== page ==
Although it certainly isn't the most elegant of Perl's operators and could have been done differently/better at the beginning of time, it exists. It is used, and it's more than a wart - no matter how ugly the internals. It provides a very concise way to deal with the common issue of processing data within brackets. (e.g. certificate operations on PEM files such as BEGIN X509 (CERTIFICATE/CRL...) / DATA / END X509) The suggestion for a cleaner version in CPAN is interesting; although exactly how to go about that without a heavy dependency on version-specific Perl internals is not obvious. I suspect that it's really too closely coupled to Perl internals (for which I don't claim expertise) to take this approach and end up with syntax as clean as the current operator. One might imagine a toggle object as a middle ground -- e.g. $toggle = Toggle::new( '...', sub {/^--a$/} , sub {/^--b$/}); # booleans have to be a coderef for short-circuit semantics ....... sub use_function{ $toggle->reset if ($. <= 1); while (<>) { $out .= $_ if $toggle->test > 1; } } - which could be made to work, but is hardly concise or as clear as the existing syntax, especially when one considers that the object approach also has scoping/initialization issues that the existing operator hides. $toggle would have to be some file scope variable, so it would often end up far from the point of use. And if the boolean inputs are more interesting (e.g. /^--$a$/, where $a is a MY variable in the use_function scope) things go downhill rapidly. Note also that the range (a.k.a toggle) operator can not be overloaded. (http://perldoc.perl.org/overload.html#BUGS-AND-PITFALLS final bullet), so we can't use it for precedence or syntactic sugar. And so we end up with my original suggestion as the least inelegant solution: provide a mechanism for reseting the existing operator, such as reset ['label']; or reset( ['label'], 2 ); Or any other syntax that expresses the semantics but is easier to deal with in the internals. -- This communication may not represent my employer's views, if any, on the matters discussed.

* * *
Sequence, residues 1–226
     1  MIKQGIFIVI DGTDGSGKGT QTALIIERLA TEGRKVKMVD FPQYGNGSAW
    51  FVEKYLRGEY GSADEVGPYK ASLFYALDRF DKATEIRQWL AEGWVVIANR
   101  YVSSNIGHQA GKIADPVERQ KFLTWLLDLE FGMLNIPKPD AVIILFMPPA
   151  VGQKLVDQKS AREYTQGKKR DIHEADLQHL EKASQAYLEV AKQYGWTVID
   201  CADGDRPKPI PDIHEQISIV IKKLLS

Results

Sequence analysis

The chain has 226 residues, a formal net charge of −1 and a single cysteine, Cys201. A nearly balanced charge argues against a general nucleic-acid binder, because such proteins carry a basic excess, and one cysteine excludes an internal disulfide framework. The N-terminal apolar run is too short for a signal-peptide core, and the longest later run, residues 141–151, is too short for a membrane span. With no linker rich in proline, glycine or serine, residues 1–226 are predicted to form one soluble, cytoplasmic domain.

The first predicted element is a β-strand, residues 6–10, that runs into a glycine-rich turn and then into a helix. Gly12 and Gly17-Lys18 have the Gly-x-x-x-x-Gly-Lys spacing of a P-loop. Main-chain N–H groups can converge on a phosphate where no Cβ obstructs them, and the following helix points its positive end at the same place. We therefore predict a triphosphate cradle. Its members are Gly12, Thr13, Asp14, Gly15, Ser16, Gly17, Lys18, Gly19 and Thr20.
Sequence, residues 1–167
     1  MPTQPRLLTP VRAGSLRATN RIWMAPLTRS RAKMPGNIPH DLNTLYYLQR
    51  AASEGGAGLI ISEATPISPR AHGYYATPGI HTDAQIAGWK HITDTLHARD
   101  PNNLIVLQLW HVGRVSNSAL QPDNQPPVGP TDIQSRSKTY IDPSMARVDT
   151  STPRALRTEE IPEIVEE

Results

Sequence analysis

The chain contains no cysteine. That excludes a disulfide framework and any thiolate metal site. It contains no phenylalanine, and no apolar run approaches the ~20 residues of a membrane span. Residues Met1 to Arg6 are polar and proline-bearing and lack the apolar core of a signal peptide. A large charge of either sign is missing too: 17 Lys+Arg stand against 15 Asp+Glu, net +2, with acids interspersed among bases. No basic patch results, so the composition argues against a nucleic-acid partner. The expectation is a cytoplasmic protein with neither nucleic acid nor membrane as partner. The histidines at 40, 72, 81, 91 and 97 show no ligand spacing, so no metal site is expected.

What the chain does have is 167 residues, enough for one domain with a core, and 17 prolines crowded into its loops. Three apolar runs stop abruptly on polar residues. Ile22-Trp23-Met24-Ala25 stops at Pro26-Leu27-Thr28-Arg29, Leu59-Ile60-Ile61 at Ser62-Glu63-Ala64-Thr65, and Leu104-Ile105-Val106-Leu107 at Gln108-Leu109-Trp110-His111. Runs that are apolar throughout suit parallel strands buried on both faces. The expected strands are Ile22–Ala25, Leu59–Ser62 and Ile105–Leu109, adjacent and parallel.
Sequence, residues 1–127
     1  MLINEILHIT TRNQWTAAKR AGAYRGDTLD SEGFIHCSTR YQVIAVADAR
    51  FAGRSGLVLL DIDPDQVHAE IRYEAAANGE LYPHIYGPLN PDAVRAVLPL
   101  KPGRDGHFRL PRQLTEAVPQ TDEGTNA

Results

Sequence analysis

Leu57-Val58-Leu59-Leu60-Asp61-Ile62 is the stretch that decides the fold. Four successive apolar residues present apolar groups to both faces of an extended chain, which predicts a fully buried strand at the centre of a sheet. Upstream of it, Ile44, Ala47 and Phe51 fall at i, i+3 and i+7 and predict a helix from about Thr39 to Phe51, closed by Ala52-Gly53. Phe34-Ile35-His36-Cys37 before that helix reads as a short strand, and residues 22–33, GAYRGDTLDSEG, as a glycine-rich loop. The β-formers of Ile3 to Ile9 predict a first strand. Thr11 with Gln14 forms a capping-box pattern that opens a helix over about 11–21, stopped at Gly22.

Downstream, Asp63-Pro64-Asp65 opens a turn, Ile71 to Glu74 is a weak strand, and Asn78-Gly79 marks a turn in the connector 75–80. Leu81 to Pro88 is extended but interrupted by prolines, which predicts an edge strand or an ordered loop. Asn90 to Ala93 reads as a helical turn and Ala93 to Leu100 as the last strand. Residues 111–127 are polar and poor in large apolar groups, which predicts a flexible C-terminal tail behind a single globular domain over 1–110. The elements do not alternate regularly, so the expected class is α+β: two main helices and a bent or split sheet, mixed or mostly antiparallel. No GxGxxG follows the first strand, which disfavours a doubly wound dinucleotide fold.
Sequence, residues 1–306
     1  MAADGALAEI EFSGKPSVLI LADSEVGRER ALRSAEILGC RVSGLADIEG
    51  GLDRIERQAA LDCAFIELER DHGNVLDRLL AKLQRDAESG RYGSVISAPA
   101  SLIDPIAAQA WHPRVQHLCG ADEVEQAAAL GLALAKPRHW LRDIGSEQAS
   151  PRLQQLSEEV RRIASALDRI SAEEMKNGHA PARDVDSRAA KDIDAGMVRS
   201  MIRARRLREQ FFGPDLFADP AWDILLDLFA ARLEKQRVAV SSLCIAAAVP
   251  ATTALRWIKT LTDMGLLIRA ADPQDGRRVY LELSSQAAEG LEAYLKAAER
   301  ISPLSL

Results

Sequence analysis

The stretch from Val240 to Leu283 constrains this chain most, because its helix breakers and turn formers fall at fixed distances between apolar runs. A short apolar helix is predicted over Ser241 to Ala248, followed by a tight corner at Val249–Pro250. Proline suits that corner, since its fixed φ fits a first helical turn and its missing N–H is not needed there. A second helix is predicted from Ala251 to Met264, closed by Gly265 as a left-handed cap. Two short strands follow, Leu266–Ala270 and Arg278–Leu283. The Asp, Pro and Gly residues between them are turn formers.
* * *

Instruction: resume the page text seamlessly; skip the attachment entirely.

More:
Subject: Re: [perl #116020] toggle operator missing reset: proposal
Date: Thu, 29 Aug 2013 07:11:48 -0400
To: perlbug-followup [...] perl.org, zefram [...] fysh.org, sprout [...] cpan.org
From: tlhackque <tlhackque [...] yahoo.com>
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On 29-Aug-13 03:15, Father Chrysostomos via RT wrote: Show quoted text
> On Wed Aug 28 13:20:25 2013, zefram@fysh.org wrote:
>> via RT wrote:
>>> My proposal: >>> Since we can label any statement (now), why not have the reset